Dirty Harry Callahan – Bitterness personified. He seems to be the only person in the world concerned with the rights of the victims. And his frustration levels with those who prey on the weak and those who keep telling him he can’t do this and that are roughly the same.
So, there’s a group of different heros. The right hero drives a story. I mean, Dirty Harry and Paul Kersey. Both of them react precisely the same – someone breaks the law, someone gets shot. But the essentail difference between Kersey and Dirty Harry drive the story. Both movies came out around the same time, both spawned franchises, both were hugely successful
you could go an entire career writing essentially the same story, and putting a different hero in it. It drives the story.
Years ago, I came up with a concept for a novel where a group of people wake up, and find most of civilization just… gone. You go to bed, everyone’s there, you wake up, most of the people are just… well… dead.
Then I was telling someone about a movie I saw years later, and he dismissed it by saying, “Yeah, well, that’s because 28 Days Later essentially ripped off your book idea.”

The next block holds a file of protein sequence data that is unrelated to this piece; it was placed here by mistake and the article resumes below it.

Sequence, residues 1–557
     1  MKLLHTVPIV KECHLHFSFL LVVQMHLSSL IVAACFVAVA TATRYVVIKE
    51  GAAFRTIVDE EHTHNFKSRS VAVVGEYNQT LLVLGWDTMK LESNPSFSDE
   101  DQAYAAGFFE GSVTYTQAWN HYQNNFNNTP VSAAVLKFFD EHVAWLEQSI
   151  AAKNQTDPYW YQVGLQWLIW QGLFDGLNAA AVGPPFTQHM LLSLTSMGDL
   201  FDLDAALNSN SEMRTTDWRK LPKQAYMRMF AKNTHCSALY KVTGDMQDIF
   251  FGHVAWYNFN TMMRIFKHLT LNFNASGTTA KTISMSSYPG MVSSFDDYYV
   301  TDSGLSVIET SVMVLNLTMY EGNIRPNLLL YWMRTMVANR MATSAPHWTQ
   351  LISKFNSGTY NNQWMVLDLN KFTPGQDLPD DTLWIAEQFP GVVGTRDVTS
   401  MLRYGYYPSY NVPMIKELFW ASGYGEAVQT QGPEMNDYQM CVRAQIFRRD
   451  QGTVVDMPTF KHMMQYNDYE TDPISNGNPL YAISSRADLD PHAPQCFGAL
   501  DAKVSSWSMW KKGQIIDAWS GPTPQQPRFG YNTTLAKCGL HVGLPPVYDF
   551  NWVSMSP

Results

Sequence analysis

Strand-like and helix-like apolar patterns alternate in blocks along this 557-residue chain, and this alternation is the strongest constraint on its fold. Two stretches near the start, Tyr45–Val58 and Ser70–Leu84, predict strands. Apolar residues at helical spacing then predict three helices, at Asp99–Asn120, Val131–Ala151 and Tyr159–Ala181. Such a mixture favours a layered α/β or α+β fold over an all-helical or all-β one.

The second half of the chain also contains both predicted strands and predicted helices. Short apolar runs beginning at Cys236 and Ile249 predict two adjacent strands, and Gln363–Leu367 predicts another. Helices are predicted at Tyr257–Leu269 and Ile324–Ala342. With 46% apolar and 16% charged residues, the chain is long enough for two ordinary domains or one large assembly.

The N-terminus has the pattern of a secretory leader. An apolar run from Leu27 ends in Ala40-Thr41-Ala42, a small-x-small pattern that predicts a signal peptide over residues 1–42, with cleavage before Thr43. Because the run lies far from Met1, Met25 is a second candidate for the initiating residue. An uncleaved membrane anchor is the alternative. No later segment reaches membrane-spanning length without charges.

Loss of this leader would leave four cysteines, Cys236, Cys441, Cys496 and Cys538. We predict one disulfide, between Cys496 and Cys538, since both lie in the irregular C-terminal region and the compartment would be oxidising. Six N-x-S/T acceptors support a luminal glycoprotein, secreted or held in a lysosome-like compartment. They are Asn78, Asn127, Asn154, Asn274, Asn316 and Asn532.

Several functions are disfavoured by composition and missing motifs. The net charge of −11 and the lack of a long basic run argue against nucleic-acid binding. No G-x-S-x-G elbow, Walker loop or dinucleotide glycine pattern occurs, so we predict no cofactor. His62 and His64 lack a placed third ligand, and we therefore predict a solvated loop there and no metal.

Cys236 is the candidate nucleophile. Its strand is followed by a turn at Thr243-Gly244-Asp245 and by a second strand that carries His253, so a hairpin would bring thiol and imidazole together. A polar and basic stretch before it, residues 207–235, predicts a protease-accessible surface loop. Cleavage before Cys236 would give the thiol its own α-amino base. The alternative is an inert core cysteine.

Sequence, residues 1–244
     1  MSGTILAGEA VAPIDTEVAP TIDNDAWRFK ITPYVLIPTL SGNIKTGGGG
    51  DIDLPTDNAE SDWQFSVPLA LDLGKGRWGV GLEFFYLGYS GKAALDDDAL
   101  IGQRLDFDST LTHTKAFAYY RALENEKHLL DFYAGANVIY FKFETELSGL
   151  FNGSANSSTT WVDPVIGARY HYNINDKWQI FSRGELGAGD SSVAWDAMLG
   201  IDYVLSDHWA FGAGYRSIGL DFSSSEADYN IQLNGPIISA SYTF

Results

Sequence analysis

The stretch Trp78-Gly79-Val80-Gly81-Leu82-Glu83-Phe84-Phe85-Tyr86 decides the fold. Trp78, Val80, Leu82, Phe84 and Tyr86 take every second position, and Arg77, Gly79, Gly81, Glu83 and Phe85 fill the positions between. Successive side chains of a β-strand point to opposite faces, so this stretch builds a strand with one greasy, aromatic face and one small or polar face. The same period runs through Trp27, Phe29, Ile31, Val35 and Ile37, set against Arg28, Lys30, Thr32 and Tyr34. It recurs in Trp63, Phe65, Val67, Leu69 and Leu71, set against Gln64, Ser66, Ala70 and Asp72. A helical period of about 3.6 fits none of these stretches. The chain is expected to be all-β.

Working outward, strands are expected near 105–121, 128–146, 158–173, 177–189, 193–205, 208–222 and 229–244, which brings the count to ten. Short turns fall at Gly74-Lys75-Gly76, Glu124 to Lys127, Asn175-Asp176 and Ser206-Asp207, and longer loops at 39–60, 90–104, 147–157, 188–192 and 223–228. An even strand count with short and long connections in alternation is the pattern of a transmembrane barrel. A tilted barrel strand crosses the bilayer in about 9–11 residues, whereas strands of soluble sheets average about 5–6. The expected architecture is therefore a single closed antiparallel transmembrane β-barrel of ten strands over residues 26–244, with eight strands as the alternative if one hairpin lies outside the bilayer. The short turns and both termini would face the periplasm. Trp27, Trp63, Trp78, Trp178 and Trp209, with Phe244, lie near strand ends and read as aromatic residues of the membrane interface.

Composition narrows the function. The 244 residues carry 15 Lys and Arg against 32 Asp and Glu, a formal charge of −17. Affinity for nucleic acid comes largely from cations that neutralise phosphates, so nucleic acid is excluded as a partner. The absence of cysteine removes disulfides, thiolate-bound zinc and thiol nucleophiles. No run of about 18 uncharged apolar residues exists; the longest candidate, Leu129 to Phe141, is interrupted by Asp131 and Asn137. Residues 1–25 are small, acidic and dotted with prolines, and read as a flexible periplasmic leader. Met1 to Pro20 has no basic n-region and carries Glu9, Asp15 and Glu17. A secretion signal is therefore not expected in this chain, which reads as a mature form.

Of course, I couldn’t think of what to say about that.
Plots are really simple. “What if…?” And then building them is well, easy.
Characters, though, are essentially your answer.
If I take “The Last Man Alive” and replace Vincent Price’s Character with someone who essentially is a Clint Eastwood type, you suddenly get a different movie. That’s exactly how they created the “Omega Man”, was by taking “The Last Man Alive” and putting Charlton Heston in it. I guess Charlton went through a phase in the 60’s and Seventies where he suddenly was a Charles Bronson-Clint Eastwood type.